DENVER (AP) — Before he even stepped into the ring, Quinton “Rampage” Jackson was already landing punches.
Only, these were mental jabs aimed at defending champion Jon “Bones” Jones.
In the buildup to their light heavyweight title bout at UFC 135 on Saturday, Jackson accused Jones of sending a mole into his camp to spy on the fighter who once played B.A. Baracus in the big-screen version of “The A-Team.”
It was an insinuation that stunned Jones at first and had him back on his heels in defense.
This was all part of Jackson’s plan to climb inside the head of Jones, who at 24 is the youngest champion in UFC history. A cagey mixed martial arts veteran, Jackson isn’t bashful about delivering blows to the psyche of an opponent before a big bout.
“They took the bait and fell for it,” Jackson said matter-of-factly.
The usually mild-mannered Jones has vowed he won’t let Jackson get to him again, even going so far as to not only set his goal of defending his crown but winning in convincing fashion by laying out Jackson.
Jones hardly looks like the same fighter who knocked out Mauricio “Shogun” Rua for the title six months ago. These days, the lanky yet chiseled Jones is leaner (guzzling more than six pounds of homemade vegetable juice a day), stronger (swimming laps with a local high school team) and meaner (agitated over Jackson’s stinging spy comments).
“I kind of feel in some ways the fight’s already won,” said Jones, who will attempt to retain his crown in the city where UFC staged its first championship bout 18 years ago. “I just have to go out there and solidify it.”
Jackson certainly won’t make it easy for him. Not by a long shot.
He’s taking this fight seriously as well, relocating to the Mile High City to work out at altitude. He’s even watching his diet.
“I didn’t sneak out for burgers,” Jackson chuckled. “I’ve been motivated and trained really hard and did everything the right way.”
Along the way, he also found time to get under Jones’ skin. Jackson played coy when asked if he really believed Jones planted someone in his camp to study his moves or if he was just acting the part of an aggrieved fighter.
“It happens more than we think about,” Jackson said. “People just don’t catch them. I’m always thinking about it.”
Jones called the accusations absurd. And was actually annoyed by them at first.
On message boards, he was being branded a cheater. That rankled Jones and caused him to increase his training.
“To be called a cheater when you work so hard to get where you are, it’s a major blow, especially when you know in your heart and in your soul that you’ve done it the right way,” Jones said. “The only part of the spygate thing that bothers me is it convinced a few fans that I’d actually stoop that low.”
Jones insisted he didn’t need to gain an edge by peeping in on Jackson’s camp because, “he’s been fighting the exact same way.”
“I have 40 fights of him that I study daily,” Jones said. “I realize his tendencies, his weaknesses and strengths.”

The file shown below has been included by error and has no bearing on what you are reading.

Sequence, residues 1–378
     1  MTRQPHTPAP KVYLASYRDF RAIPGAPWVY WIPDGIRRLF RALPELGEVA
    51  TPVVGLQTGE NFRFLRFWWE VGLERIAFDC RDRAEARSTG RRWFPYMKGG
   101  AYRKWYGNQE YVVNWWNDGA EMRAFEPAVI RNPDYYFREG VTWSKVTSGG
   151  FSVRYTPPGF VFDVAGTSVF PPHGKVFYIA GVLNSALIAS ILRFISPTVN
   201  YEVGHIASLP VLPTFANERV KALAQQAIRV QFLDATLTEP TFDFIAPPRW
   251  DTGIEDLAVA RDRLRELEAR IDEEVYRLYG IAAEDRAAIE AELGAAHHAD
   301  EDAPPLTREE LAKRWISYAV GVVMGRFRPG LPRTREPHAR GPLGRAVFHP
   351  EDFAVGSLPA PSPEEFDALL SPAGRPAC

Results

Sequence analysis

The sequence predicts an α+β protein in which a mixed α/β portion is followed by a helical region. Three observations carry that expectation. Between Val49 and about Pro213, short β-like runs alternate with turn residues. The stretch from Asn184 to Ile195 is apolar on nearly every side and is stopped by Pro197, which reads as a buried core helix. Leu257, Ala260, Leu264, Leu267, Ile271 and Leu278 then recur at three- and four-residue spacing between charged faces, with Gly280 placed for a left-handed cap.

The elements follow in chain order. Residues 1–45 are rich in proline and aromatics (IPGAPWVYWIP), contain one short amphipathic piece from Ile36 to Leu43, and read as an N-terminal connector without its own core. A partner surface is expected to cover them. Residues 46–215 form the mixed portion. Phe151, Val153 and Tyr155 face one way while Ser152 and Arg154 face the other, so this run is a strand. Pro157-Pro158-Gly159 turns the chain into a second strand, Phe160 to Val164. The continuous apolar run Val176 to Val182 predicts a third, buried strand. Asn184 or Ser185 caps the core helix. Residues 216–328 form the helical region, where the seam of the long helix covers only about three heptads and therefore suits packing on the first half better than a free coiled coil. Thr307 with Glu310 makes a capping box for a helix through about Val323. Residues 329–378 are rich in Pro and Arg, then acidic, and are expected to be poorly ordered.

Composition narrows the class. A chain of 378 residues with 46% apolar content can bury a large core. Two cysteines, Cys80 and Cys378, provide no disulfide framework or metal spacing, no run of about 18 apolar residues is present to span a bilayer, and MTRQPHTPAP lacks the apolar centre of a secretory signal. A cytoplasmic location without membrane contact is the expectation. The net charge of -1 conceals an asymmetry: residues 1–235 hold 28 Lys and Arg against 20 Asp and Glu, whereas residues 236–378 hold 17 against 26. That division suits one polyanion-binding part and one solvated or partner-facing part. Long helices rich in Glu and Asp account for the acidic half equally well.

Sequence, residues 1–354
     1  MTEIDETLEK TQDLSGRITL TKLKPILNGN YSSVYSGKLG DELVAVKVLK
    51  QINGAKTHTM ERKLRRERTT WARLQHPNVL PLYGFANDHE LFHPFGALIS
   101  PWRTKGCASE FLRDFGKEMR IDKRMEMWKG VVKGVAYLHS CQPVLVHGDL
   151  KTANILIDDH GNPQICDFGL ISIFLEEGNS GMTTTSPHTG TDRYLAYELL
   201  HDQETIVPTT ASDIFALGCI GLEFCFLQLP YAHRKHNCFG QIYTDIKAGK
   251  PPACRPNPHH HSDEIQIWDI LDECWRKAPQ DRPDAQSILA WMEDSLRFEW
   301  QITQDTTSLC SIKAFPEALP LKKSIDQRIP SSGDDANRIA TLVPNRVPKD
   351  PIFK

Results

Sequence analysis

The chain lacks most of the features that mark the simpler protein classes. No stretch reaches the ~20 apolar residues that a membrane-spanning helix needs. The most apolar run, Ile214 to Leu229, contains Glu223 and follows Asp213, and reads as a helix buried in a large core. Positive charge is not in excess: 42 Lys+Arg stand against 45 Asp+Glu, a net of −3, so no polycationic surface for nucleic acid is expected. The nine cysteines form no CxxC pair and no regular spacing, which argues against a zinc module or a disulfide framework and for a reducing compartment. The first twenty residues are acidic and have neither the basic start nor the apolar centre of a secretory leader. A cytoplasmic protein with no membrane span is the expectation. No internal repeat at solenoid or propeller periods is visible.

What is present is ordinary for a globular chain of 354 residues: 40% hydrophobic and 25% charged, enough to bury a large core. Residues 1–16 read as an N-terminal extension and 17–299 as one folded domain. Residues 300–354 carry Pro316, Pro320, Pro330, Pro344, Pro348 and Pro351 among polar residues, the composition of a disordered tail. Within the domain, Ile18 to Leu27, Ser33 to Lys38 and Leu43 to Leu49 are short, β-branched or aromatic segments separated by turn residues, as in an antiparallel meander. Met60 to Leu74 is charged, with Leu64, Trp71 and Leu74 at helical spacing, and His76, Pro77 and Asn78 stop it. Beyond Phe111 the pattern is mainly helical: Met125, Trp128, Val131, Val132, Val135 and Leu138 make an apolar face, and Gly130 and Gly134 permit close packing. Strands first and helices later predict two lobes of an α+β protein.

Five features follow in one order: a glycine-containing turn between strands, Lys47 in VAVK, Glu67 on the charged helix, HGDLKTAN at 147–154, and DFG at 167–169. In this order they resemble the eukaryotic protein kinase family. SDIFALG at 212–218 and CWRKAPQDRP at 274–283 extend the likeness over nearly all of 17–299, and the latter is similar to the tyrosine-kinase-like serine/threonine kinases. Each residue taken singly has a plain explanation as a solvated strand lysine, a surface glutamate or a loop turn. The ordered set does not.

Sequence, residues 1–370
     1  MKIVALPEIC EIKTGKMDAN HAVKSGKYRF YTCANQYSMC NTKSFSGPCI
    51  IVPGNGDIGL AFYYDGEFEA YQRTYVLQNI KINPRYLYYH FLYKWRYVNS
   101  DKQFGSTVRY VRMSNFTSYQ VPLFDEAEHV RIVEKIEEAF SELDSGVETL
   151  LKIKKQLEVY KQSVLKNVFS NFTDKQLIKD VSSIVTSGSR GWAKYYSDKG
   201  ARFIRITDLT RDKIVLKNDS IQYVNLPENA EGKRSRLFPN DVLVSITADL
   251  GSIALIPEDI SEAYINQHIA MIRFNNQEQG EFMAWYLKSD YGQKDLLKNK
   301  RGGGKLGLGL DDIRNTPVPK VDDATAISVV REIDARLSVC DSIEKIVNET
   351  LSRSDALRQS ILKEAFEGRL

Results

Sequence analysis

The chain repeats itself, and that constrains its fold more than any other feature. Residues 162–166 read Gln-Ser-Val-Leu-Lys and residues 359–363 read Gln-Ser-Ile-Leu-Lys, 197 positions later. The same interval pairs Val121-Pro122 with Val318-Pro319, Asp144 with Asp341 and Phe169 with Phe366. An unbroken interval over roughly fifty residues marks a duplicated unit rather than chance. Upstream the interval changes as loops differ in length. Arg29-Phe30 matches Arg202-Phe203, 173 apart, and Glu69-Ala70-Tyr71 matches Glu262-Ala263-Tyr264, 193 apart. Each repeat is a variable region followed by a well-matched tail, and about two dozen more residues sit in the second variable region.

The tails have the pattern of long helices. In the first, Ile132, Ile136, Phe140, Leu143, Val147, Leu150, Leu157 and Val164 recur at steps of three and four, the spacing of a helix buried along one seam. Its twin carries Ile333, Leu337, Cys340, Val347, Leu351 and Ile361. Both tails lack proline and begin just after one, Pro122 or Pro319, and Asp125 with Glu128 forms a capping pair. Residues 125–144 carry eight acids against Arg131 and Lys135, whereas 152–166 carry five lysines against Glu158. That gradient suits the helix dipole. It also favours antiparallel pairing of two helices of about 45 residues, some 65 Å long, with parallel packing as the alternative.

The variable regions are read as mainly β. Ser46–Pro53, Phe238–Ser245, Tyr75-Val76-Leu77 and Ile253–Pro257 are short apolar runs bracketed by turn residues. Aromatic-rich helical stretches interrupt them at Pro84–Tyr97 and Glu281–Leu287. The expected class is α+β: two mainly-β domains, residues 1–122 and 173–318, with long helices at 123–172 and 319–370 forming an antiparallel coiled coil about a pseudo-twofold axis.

The fact Jones still chats about the topic provides enough proof for Jackson that his suspicions were not unfounded.
“Sounds like guilt to me,” Jackson said. “If someone accused me of spying on people and called me a cheater and I didn’t do it, it wouldn’t affect me at all.”
So, how does Jackson go toe-to-toe with such a youthful fighter with the longest reach of anyone in UFC?
“I’m not going to tell you that!” Jackson barked. “That guy has satellite dishes everywhere.”
Through all his growling, Jackson actually has a measure of respect for Jones. He thinks Jones could be the future of the sport.
But Jackson considers himself the present.
“You can’t get no better than what I got going,” he said. “I come to fight.”
The 33-year Jackson is in the twilight of his career. He knows he doesn’t have all that many bouts left and is already thinking about life outside the octagon. He wants to star in more films, create some rap songs and maybe even become a video game designer (he’s obsessed with “Gears of War 3”).
For Jones, a successful title defense could bring stability to the division. The belt has switched hands a number of times since Jackson last captured the crown in 2007.
Any added weight on Jones’ shoulders being the champ?
“I put pressure on myself every fight,” Jones said. “Just go out there and have fun. Do what I was put on this earth to do — to try to inspire others.”
And stop a few crooks along the way.
Before his fight against Rua, Jones was heading to a park to meditate when someone broke into a nearby car and stole a GPS system. An elderly woman screamed for help and Jones, along with his trainers, took off after the thief.
They caught up to the burglar, took him down and held him there until the police arrived.
Using that adrenaline, Jones dispatched Rua in the ring to claim the title.
“I felt so spiritually high after doing that,” Jones said of foiling a burglary attempt. “I had that really high chi, high energy.”
In Denver before his bout, he may just fight some more crime instead of meditate.
“You never know,” Jones said, laughing. “You just never know.”